Order of Our Lady of the Good Death

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Order of Our Lady of the Good Death
Irmandade da Nossa Senhora da Boa Morte
Formation19th century
Founded atSalvador, Bahia, Brazil
TypeCatholic-Candomblé religious order

The Sisterhood of Our Lady of the Good Death (Irmandade da Nossa Senhora da Boa Morte) is a small Afro-Catholic religious group in the state of Bahia, Brazil.

Founded in the early 19th century as a Church-sponsored beneficent Sisterhood for female African slaves and former slaves, it became one of the oldest and most respected worship groups for Candomblé, the major African-based religion in Brazil. Presently reduced to about thirty members (from 200 or so at its height), most of them over fifty, it still attracts worshipers every year, especially at its August festival.[1]


The history of the Irmandade da Boa Morte ("Sisterhood of the Good Death"), a religious confraternity devoted to the Assumption of the Virgin, is part of the history of mass importation of blacks from the African coast to the cane-growing catchment area around the port of Salvador, Bahia, known as the Recôncavo Baiano. Iberian adventurers built several towns in this area, one of them being Cachoeira, which was the second most important economic center in Bahia for three centuries.[2]

Origin of confraternities[edit]

Confraternities proliferated during the 19th century, when the country was independent but still lived under the regime of slavery. For each profession, race and nation — because the African slaves and their descendants came from different places with different cultures — a separate irmandade was founded. There were confraternities for the rich, poor, musicians, blacks, whites, etc. There were almost none for women and in the male confraternities women entered as dependents to ensure they would receive benefits from the corporation after the death of their husbands. For the confraternity to operate, says historian João José Reis, a church had to welcome it and its statutes had to be approved by an ecclesiastical authority.

In a patriarchal society marked by racial and ethnic differences, the confraternity is made up exclusively of black women, which gives this Afro-Catholic manifestation — as some consider it — a certain fame. It is known both as an expression of Brazilian baroque Catholicism, with its distinctive street processions, and for its tendency to include in religious festivals profane rituals punctuated by a lot of samba and banqueting.

Besides the gender and race of the confraternity's members, their status as former slaves and descendants of slaves is an important social characteristic without which it would be difficult to understand many aspects of the confraternity's religious commitments. The former slaves have demonstrated enormous adroitness in worshiping in the religion of those in power without letting go of their ancestral beliefs, as well as in the ways they defend the interests of their followers and represent them socially and politically.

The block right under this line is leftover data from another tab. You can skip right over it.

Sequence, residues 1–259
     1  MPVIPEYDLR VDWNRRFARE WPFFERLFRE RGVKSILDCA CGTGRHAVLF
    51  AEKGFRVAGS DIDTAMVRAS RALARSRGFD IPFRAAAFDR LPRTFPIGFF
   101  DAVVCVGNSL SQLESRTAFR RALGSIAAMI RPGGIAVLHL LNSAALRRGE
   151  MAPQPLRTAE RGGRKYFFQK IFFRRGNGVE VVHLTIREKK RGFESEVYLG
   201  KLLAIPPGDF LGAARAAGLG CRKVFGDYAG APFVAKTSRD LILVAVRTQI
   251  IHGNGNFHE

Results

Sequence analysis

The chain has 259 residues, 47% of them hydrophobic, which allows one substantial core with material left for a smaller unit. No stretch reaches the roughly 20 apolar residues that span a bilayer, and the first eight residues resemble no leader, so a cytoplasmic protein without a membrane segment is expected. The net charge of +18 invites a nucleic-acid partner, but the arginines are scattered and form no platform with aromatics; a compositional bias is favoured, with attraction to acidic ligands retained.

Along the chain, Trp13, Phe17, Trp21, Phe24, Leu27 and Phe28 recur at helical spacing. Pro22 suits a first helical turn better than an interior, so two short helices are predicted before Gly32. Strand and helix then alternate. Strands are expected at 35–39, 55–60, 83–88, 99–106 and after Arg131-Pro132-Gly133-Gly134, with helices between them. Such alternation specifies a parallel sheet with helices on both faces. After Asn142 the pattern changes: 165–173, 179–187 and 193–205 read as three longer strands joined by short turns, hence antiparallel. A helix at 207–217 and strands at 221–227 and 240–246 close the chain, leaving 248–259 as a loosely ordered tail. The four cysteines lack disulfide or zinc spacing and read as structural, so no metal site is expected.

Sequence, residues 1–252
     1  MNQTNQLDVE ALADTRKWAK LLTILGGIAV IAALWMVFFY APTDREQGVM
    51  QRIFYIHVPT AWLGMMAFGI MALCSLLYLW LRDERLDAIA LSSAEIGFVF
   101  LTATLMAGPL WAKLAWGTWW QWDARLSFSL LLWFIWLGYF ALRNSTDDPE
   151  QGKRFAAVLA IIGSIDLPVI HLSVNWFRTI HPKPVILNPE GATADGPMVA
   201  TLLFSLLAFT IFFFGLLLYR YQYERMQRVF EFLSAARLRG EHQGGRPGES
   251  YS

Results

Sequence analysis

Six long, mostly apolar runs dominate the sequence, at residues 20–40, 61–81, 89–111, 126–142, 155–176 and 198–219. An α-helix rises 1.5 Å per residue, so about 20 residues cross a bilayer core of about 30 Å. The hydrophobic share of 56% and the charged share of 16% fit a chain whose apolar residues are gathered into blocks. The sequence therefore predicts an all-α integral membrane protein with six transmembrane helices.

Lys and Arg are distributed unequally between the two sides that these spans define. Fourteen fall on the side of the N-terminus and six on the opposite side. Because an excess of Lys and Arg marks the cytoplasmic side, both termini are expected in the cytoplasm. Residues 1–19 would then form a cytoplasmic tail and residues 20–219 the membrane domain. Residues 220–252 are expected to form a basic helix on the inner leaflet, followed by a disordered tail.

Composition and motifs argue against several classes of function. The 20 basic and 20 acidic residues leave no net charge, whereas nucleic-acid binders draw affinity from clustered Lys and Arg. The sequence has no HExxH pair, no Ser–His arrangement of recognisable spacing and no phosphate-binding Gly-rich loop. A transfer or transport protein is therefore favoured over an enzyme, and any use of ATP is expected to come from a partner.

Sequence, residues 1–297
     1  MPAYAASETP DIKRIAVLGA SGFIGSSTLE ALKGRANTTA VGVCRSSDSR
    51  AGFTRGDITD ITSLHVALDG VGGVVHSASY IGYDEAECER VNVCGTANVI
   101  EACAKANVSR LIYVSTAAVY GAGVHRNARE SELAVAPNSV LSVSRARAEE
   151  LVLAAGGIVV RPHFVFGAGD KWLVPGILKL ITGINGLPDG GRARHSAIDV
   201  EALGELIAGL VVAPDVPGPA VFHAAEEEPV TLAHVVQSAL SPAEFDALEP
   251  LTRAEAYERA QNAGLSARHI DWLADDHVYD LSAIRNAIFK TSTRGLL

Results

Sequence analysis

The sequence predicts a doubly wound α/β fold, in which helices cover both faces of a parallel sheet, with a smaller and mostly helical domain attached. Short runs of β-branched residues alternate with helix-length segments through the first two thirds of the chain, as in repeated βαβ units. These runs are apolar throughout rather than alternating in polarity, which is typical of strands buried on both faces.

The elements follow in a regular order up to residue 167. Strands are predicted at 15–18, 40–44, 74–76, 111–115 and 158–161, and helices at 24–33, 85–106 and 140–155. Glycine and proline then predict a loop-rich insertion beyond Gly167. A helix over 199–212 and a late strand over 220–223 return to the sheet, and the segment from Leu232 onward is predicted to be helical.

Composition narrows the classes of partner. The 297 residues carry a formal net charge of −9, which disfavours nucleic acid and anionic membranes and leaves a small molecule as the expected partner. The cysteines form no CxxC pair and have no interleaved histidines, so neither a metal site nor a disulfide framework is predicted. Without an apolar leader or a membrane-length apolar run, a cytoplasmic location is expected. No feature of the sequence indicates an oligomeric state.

Date of foundation[edit]

No one really knows in what year the Sisterhood of the Good Death was founded. Odorico speculates that the organized devotion began in 1820 in the Church of Rosário in Barroquinha, a borough of Salvador; and that Gêges (blacks of the Ewe and Fon ethnicities) who moved from there to Cachoeira were responsible for organizing it. Others speak of that period too, but disagree about the nation of the pioneers, saying they were freed Ketus (ethnic Yorubas). It seems that the membership of the confraternity had a variety of ethnic origins and that they numbered more than a hundred in the first years.

Historically, the year 1820 makes sense. Since early in the nineteenth century, progress had been afoot in the Recôncavo and new agricultural and industrial techniques were introduced there. While the sugar economy was experiencing difficulties, tobacco gained new strength when it attracted the interest of German capital following the political independence of Brazil. The opening of motorized shipping lines strengthened the breeze of economic renewal, stimulating the integration of the Recôncavo with the provincial capital and increasing trade. This in turn encouraged the formation of strong links between black slaves in many cities, especially Salvador and Cachoeira.

Jeferson Bacelar notes that the 1820s, especially the first three years of the decade, were marked by a process of agitation and excitement among the people of Bahia, many of whom - regardless of social class - were involved in a struggle for Independence that was marked by a strong anti-Portuguese spirit and armed skirmishes. The easing of tension between masters and slaves elicited by this momentary “unity” contributed to the permanent removal of blacks to the cities of the Recôncavo, where slaveowners were very interested in solving the conflict and, to defend their interests, armed the slaves and used them against the Portuguese. This exceptional state of affairs resulted in a large number of religious and civil initiatives by the slaves, among them, perhaps, the Irmandade da Boa Morte. Antônio Moraes Ribeiro's research associates the confraternity's emergence from the slave quarters with the abolitionist atmosphere after the brutally crushed revolt of Muslim slaves in Bahia in 1835. Perhaps that is the origin of the clearly Islamic touch to the confraternity's very beautiful traditional clothes. As Raul Lody notes, the costume's impressiveness is heightened by the use of a turban. Antônio Moraes believes that one of the probable leaders of the Islamic Revolt, Luiza Mahim, was personally involved in the founding of the confraternity after her flight from Salvador to the Recôncavo.